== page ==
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Controversial iOS App Vigilante Wants to Put 'A Camera on Every Crime'

What if there were a camera on every crime?

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Just days after its debut in the iOS App Store last week, crime-tracking app Vigilante has been pulled by Apple due to “concerns” about its content. The app, which is currently limited to New York, will notify its users of any 911 calls placed in their immediate area, allowing them to avoid an area where a crime might be taking place. But, as suggested by the app's name, users could also go to where the crime is, to record it on their phone or otherwise get involved.

“What if everyone within a quarter mile of every reported crime were immediately made aware of it,” Sp0n, the company that developed the app, asked. “What if there were a camera on every crime. What if transparency existed – if we all knew where crime was occurring and how it was being resolved. Would crime as we know it still exist?”

“The lens of the camera is incapable of lying,” the company wrote. “Transparency is the single most powerful tool against crime and injustice, and we believe it will rebuild cooperation towards a shared vision. Cooperation, in turn, will lead to safer communities, better cities, and a stronger nation.”

Apple is not alone in their concerns over the idea of using mass surveillance to control crime. Sam Gregory, program director for Witness, a company that supports activists who document human rights violations, said that Vigilante “raises all these questions around consent and sharing. Vigilantism is a very different idea to being an ethical witness to what’s happening.” The NYPD have agreed, asserting that “crimes in progress should be handled by the NYPD and not a vigilante with a cell phone.”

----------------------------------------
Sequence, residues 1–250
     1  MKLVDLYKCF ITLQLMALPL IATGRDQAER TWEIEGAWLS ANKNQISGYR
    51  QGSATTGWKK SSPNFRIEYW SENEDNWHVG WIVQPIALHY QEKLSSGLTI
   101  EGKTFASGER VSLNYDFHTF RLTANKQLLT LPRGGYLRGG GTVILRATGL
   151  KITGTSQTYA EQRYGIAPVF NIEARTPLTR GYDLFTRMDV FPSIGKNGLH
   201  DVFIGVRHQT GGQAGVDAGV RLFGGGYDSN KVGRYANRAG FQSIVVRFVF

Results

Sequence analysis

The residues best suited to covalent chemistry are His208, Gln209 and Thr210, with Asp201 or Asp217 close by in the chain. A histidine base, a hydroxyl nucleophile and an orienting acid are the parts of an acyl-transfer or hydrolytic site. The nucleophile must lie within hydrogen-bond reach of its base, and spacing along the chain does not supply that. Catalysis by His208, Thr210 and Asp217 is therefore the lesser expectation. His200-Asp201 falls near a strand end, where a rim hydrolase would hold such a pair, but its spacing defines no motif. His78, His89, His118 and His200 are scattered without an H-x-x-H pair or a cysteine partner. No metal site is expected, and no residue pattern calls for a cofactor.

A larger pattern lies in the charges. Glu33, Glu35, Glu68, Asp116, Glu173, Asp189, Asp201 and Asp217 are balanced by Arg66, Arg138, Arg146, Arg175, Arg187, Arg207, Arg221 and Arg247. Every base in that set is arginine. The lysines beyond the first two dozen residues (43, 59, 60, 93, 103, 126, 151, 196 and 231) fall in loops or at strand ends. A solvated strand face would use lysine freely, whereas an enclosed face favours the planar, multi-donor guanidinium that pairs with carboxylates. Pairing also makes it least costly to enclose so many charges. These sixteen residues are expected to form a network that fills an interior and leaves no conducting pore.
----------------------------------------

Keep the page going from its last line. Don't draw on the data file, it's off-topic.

While filming every crime could help document police brutality, videos of violence against minority groups have been used to promote further violence. For example. research has found that videos of violence against transgender victims have been shared as entertainment online. “These types of tools tend to have racial bias and only focus on very visible incidents,” Gregory noted. “There’s a tradeoff between visibility of a crime and making people who didn’t want to be on camera into a public spectacle.”

The app has been pulled from the iOS App Store over these concerns, but a spokeswoman from Sp0n has said that the company “is working with Apple to resolve the issue and they are confident the app will be made available in the near future. Vigilante will introduce an Android version of the app in the upcoming weeks with plans to expand in additional cities later this year.”

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